Common Mental Health Problems Everyone Should Know

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Pliro
Written by Pliro
Mar 20, 2017 Last updated: Mar 29, 2019
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Mental health problems come in all forms and all levels of seriousness. In milder cases, you may be going through a mental health problem without being aware of it. On the other hand, serious mental health issues may have a major impact on your daily life. Here are a few of the most common mental health problems that everyone should know about. These disorders may range from mild to extremely severe.

Personality Disorders

Personality disorders are characterized by major behavioral traits that can lead to problems in one’s social, personal and professional lives. Some of these include anger, depression, bipolar disorder, obsessive-compulsive personality disorder, antisocial personality disorder and paranoid personality disorder. Therefore, such disorders can take a huge toll on one’s thinking patterns and normal functioning. Moreover, they can cause significant differences in how you and others around you operate on a daily basis.

Anxiety Disorders

Anxiety disorders and panic attacks are common in people with phobias. Phobias account for fear as a reaction to a specific situation. A victim of a phobia would show physical and mental signs of panic and anxiety. Rapid heartbeat, sweating, shivering, and being unable to face fears is what confirms one’s phobia. Furthermore, if the anxiety reaches a level whereby it interferes with a person’s normal functioning, then it is called an anxiety disorder. Some of these are namely social anxiety disorders, generalized anxiety disorders and panic disorders.

Post-Traumatic Stress Disorder (PTSD)

PTSD occurs after one suffers a traumatic or terrifying experience. The events reoccur as traumas through vivid flashbacks, frightening thoughts, nightmares, physical sensations or symbolic reminders. For this reason, soldiers of war are often victims of PTSD after experiencing first hand blood-shed and killing. Additionally, other traumatic experiences may include loss of loved ones, natural disasters, sexual assaults or near death experiences.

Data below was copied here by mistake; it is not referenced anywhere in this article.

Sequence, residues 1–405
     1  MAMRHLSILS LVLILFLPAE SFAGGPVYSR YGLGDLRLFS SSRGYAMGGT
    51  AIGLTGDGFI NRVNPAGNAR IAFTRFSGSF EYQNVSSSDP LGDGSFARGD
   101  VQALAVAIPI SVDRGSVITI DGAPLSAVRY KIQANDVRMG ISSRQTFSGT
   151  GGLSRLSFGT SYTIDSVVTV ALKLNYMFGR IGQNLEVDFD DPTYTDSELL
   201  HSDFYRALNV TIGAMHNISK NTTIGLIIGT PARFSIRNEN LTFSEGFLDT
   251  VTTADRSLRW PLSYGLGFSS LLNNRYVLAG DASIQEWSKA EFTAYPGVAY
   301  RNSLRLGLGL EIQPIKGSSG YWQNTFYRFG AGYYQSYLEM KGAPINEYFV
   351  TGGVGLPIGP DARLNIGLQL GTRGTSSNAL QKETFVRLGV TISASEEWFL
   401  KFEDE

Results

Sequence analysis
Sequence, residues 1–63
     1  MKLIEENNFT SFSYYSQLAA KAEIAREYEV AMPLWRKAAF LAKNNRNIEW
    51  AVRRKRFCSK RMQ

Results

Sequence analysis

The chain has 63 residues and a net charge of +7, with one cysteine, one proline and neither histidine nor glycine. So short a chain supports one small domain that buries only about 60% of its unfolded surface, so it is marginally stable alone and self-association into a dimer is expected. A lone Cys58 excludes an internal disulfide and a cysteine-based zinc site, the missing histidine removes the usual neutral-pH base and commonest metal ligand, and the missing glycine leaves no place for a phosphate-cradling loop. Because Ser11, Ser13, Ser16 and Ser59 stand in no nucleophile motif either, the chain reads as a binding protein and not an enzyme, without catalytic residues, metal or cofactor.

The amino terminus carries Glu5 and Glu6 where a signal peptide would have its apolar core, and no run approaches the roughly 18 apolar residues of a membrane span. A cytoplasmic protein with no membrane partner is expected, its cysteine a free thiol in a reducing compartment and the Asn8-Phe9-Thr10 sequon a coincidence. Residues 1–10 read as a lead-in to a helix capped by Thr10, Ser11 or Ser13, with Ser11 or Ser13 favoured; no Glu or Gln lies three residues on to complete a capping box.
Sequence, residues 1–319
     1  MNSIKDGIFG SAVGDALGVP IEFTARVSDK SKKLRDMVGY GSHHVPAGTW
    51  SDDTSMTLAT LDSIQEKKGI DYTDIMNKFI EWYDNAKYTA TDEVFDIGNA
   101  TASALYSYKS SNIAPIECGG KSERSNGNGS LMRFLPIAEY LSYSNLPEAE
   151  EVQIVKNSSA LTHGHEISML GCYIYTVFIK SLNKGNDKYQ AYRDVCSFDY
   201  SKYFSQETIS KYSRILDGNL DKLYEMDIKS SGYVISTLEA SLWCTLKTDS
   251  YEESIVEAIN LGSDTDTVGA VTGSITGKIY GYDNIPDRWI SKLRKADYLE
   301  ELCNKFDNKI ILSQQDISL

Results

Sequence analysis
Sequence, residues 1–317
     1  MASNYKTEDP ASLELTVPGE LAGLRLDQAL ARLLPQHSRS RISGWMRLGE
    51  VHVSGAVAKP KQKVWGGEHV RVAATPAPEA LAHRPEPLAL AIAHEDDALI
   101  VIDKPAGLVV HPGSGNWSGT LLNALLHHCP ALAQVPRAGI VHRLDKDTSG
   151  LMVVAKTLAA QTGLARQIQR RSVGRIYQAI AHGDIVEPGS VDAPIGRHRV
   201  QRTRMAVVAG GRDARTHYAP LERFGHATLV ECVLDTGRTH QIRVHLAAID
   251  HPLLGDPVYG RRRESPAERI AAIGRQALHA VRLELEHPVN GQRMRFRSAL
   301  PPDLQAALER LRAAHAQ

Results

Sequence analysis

Psychosis

Psychosis, or psychotic disorders are characterized by distorted thinking about reality. Some of the most common symptoms of psychosis include hallucinations and delusions. Similar in nature, both of these symptoms can make the victim feel or believe in things that are not real. Hallucinations are experiences of unreal images or sounds. On the other hand, delusions are falsified facts that a person believes without there being any evidence. Furthermore, schizophrenia is one of the most severe examples of psychosis.

Obsessive Compulsive Disorder (OCD)

Victims of OCD perform certain rituals or compulsions due to disturbing thoughts or obsessions. For example, a person with an unreasonable obsession for neatness may not be able to sleep in an unorganized room. Similarly, a person with an extreme fear of germs may be in the habit of constantly washing their hands.

Mood Disorders

Mood disorders, or affective disorders, are characterized by frequently fluctuating emotions or mood swings. Depression, cyclothymic and bipolar disorders are some of the most common ones under this category. Additionally, in severe cases, a person might be completely happy and excited at one moment and may develop negative or even suicidal thoughts at another.

Addiction and Impulse Control Disorders

Addiction refers to the use and misuse of alcohol and/or recreational drugs. Impulse control disorders refer to irresistible urges to carry out harmful actions to the self and to others. These include kleptomania (stealing), pyromania (starting fires) and uncontrollable gambling. Therefore, when these addictions and impulses go beyond one’s control, they affect relationships and responsibilities.

Dissociative Disorders

Those who suffer from dissociative disorders usually undergo huge amounts of stress, resulting in identity, consciousness and memory loss. It is also similar to PTSD whereby traumatic experiences may affect their general awareness of themselves and their surroundings. Furthermore, this disorder is also called multiple personality disorder or “split personality” disorder.

Eating Disorders

People with eating disorders undergo extreme behaviors involving food and weight. Their beliefs about food result their feelings, emotions and attitudes regarding food. Some common eating disorders include anorexia, bulimia and binge eating disorders. Anorexia is a medical condition resulting in a loss of appetite. Bulimia is when people become so conscious of body image that they tend to become depressed or cause themselves to vomit after bouts of extreme overeating. On the other hand, binge eating is when one never seems to get enough of food and feels the need to keep eating.

In conclusion, some of these disorders are mistaken for bad life choices, giving others a reason to judge the patient. However, a disorder of any kind requires serious medical and emotional attention. Therefore, mental disorders should be acknowledged and understood to be properly treated.

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